Fannie Mae and Freddie may have lost more than $3 billion because of LIBOR manipulation between 2008 and 2010, according to an internal Federal Housing Finance Agency report obtained by the Wall Street Journal.
The FHFA report encourages the GSEs to consider taking legal action against the banks responsible.
Its a reminder why this scandal is so mind-blowing. No one is sure how deep this rabbit hole goes, so to speak, in terms of money or players involved. According to a Reuters report on a $1.5 billion fine doled out to UBS today, the LIBOR rigging probe involves “over a dozen banks.” About $800 trillion worth of financial instruments are affected by the rate.
In a July Economist report on the scandal, a CEO of a multinational bank described it as “the banking industry’s tobacco moment,” referring to the litigation and settlements that ended up costing tobacco companies’ $200 billion. After last week, one can’t but help see the parallels between LIBOR and the Sandy Hook shooting, in moral terms. Just as a previously unimaginable tragedy is forcing America to deal with gun control, a previously unfathomable theft might force the world to deal with global finance’s larcenous business model.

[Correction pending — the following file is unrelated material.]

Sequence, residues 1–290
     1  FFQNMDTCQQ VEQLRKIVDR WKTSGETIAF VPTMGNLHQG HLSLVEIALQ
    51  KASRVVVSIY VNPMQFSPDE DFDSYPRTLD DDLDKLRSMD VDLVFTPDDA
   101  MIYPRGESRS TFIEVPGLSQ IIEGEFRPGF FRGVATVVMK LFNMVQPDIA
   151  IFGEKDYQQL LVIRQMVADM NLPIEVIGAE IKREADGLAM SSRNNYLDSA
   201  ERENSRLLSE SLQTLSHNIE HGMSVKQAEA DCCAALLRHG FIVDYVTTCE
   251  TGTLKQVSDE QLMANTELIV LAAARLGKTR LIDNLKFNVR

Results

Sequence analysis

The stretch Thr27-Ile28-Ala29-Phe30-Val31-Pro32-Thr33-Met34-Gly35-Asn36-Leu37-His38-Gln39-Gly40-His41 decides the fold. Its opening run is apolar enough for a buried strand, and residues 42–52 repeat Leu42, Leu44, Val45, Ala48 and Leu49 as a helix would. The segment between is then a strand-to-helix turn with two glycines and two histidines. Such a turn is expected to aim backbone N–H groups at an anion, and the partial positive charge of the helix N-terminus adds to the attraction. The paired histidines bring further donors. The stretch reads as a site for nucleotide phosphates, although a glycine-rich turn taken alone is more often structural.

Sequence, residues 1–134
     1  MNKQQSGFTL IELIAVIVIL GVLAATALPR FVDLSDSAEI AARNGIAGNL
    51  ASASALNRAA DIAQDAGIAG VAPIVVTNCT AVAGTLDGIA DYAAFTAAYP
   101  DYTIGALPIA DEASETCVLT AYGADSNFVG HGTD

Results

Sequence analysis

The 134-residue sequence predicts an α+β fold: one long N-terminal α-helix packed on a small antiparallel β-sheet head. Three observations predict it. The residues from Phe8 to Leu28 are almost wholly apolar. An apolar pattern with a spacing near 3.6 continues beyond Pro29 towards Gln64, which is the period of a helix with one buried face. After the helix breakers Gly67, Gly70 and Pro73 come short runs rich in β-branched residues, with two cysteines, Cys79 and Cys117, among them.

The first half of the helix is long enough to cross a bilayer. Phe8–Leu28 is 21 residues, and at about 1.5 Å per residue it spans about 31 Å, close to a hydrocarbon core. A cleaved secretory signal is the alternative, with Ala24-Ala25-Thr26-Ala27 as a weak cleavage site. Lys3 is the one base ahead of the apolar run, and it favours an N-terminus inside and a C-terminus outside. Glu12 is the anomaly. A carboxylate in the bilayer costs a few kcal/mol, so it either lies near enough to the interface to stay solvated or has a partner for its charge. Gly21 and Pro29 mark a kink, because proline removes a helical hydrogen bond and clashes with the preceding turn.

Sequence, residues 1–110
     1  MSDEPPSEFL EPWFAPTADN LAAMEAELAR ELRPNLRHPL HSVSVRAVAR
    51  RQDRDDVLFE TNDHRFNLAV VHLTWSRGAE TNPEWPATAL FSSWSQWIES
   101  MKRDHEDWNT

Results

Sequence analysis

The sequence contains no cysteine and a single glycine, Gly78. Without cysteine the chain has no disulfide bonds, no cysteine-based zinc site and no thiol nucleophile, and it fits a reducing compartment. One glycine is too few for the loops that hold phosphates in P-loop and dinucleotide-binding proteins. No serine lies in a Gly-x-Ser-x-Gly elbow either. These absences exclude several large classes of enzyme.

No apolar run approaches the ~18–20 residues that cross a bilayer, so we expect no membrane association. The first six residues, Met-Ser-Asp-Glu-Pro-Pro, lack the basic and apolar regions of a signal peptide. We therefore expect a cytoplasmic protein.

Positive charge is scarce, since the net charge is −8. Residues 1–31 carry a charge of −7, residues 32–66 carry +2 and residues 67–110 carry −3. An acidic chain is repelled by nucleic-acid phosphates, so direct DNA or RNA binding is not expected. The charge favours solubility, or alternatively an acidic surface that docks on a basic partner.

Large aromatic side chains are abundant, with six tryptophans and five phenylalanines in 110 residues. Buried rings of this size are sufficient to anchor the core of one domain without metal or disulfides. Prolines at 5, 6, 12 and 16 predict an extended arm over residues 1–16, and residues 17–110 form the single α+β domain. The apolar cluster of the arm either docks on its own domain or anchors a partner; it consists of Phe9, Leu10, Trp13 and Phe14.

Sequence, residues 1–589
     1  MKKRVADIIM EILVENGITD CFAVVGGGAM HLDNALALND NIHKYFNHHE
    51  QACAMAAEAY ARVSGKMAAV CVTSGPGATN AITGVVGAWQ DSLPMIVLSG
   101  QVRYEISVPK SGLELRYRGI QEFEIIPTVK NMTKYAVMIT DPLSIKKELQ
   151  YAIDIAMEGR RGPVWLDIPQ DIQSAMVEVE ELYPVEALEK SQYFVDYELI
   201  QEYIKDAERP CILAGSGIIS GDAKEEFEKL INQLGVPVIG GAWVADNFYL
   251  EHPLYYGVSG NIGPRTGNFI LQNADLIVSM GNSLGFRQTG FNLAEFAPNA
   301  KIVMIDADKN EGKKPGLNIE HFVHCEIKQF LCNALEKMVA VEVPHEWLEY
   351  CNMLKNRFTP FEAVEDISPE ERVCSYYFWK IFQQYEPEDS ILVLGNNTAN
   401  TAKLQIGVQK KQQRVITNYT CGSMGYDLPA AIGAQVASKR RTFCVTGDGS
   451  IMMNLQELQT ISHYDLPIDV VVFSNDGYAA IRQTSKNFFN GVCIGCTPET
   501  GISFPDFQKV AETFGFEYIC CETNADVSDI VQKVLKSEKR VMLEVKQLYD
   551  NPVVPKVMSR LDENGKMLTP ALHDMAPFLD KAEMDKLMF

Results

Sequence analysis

The judicial system might effectively do what legislators and regulators seem unwilling to do: break up the big banks.